December 18, 2007

TV: Duel (ABC)

This year's week-long game-show stunt started its run last night. The game itself isn't awful, but the show's pacing and its leaden host make it unlikely, I think, that Duel will catch on in the way that Who Wants to Be a Millionaire or Deal or No Deal did.

The game is played in head-to-head duels, each of which eliminates one of the show's 24 players. Each player starts a duel with ten chips, worth $5,000 apiece, and is presented with a series of multiple-choice questions (asked of both players simultaneously). Each player marks his answers with chips; if unsure of the correct answer, a player may mark 2, 3, or even all 4 answers, but any chip placed on an incorrect answer will be lost (and that $5,000 added to the weeklong jackpot for which the players are competing).

Get an answer wrong, and you lose the duel and are eliminated from the competition; if both players get the same question wrong, there's a sudden-death playoff. The winner of each duel keeps the money represented by whatever chips he has left and faces a new opponent in the next duel. The four players who have been the most successful during the week (it's unclear whether that means most duels won or most money) will face off in the final rounds on Sunday night.

The questions are well written; they're things that you feel like you ought to know but don't: What color are President Bush's eyes? Which bill has the White House on the back? And the game play is fun to watch, as each player considers whether he's sure enough of this answer to place only one or two chips, or whether to accept a loss of three chips and mark all of the answers.

But the show's pacing is deadly. It's now common for primetime game shows to be filled with annoying "...and we'll find out the answer...(pause pause pause)...when we come back!" moments, but Duel takes that practice to new levels. It feels like there are a lot of commercials, and a lot of dramatic hostly pauses.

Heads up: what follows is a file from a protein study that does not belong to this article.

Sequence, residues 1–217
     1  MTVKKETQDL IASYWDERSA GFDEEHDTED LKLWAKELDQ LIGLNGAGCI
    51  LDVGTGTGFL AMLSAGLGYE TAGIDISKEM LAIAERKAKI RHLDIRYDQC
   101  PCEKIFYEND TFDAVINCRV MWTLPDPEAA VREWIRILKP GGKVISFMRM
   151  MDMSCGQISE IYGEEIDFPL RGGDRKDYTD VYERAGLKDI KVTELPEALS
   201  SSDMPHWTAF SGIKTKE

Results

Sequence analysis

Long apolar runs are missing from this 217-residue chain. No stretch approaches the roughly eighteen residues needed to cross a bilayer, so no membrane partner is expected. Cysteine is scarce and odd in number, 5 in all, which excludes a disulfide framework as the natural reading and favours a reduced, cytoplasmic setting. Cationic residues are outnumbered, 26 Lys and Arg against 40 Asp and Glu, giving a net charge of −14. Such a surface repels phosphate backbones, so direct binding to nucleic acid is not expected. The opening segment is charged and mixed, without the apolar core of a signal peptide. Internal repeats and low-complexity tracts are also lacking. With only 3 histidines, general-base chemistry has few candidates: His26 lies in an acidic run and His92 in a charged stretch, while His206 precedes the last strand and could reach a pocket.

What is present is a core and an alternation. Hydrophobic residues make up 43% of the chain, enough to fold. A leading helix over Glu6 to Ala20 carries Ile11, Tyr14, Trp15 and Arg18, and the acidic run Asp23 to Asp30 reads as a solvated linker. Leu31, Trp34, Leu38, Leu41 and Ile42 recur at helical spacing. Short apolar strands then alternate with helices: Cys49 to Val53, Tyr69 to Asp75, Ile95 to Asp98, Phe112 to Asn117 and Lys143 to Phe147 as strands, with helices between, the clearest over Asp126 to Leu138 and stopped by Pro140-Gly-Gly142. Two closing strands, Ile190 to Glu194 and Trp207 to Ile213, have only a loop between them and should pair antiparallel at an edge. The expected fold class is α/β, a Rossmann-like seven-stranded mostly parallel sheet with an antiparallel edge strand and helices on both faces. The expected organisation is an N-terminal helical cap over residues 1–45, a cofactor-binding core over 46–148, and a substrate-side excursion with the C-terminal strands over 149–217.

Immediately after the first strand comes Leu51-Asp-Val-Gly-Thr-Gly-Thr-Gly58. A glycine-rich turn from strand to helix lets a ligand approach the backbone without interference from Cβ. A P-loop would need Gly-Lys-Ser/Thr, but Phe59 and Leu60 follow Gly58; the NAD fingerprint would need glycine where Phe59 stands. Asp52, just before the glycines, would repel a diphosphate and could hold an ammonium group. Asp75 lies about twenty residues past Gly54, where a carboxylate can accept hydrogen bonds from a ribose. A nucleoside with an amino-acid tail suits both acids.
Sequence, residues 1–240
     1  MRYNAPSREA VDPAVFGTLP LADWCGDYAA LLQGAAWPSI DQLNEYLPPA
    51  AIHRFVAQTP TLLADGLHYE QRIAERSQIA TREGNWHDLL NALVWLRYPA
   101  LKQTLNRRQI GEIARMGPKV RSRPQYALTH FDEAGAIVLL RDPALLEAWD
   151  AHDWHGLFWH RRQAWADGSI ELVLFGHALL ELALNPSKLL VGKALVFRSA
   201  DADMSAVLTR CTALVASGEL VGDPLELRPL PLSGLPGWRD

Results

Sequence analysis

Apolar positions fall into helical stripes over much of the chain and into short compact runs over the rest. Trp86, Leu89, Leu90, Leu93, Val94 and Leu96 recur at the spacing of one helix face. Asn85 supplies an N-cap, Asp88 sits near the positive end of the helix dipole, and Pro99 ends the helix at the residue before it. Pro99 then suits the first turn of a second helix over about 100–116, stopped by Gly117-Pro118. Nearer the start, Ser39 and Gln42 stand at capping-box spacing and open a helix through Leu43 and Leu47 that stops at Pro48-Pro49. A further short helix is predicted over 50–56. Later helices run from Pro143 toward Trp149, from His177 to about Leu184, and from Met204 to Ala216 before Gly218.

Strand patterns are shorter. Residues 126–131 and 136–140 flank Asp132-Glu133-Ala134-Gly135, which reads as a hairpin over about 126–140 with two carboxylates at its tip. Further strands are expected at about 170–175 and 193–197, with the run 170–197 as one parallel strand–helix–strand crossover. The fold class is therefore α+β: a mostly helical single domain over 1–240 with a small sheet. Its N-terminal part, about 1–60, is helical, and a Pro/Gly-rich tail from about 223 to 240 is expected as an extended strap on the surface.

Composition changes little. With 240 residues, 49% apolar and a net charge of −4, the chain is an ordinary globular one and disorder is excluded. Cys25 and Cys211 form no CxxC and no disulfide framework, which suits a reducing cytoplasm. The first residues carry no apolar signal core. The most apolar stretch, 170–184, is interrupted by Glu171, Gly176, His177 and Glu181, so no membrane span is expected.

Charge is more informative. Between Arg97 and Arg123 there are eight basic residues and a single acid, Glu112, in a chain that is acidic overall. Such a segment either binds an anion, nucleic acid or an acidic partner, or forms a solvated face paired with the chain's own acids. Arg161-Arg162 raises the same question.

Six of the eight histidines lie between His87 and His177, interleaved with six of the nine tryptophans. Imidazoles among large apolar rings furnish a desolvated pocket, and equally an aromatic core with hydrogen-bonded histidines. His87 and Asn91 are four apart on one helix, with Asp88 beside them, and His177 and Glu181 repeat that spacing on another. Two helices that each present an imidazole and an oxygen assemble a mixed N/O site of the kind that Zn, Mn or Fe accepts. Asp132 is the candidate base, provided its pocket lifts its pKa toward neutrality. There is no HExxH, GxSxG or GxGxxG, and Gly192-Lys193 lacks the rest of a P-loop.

Even worse, host Mike Greenberg (he's a sports guy from ESPN) is ill suited to the job. He displays no sense of humor, and he doesn't seem to be having fun, which is the key requirement of any game show host. He sucks the energy out of the show, making it feel even slower than it is.

With a new host and a tempo boost, Duel might catch on, but as is, even an audience desperate for new programming during the writers' strike won't put up with this for very long.


Anonymous said...

You're so wrong. The show's pacing is easily the best part. It's actually really fast. If you watched "are you smarter than a fifth grader" you'll know what the definition of slow is. That show has maybe 6 questions per show, and it's awful. This one's amazing, i like it a lot better than who wants to be a millionaire, and deal or no deal, mainly because of the pacing actually. It's fast, and INTENSE! That's what makes Mike's lack of enthusiasm ok, I'm not sure i would have picked him if i were ABC, except it draws a lot of sports fans' attention, who wouldn't normally watch shows like this. I think this may be THE BEST GAME SHOW EVER. I'm not kidding. I hope they continue it until the end of time, even if they switch hosts, like millionaire. The dramatic pauses are good, and not too long, and especially if you watch on tivo, the ads aren't a problem. I definitely recomend this show to everyone, and props to ABC for such a great show!

Keith said...

Well, this was written after only the first night had aired, and that first night was glacial. They have significantly picked up the pace as the week's gone on -- less time wasted getting to the answer when it's not going to have any impact on the outcome, fewer dramatic "after this message" pauses -- and it's helped enormously.

I still think Mike Greenberg is ill suited to the job, though; the one thing that the best game show hosts have in common is that they're enjoying themselves as much as the contestants are. Bob Barker, Pat Sajak, Bill Cullen, Regis Philbin -- they're having a good time. Greenberg still seems like he'd rather be at home watching the game.

The other thing that really annoys me about the show didn't strike me much the first night, but the insistence on referring to everyone by occupation ("the alligator wrestler," "the used-car salesman") more than by name is a terrible decision. It distances the audience from the contestants, and makes it harder for us to develop any rooting interest in them.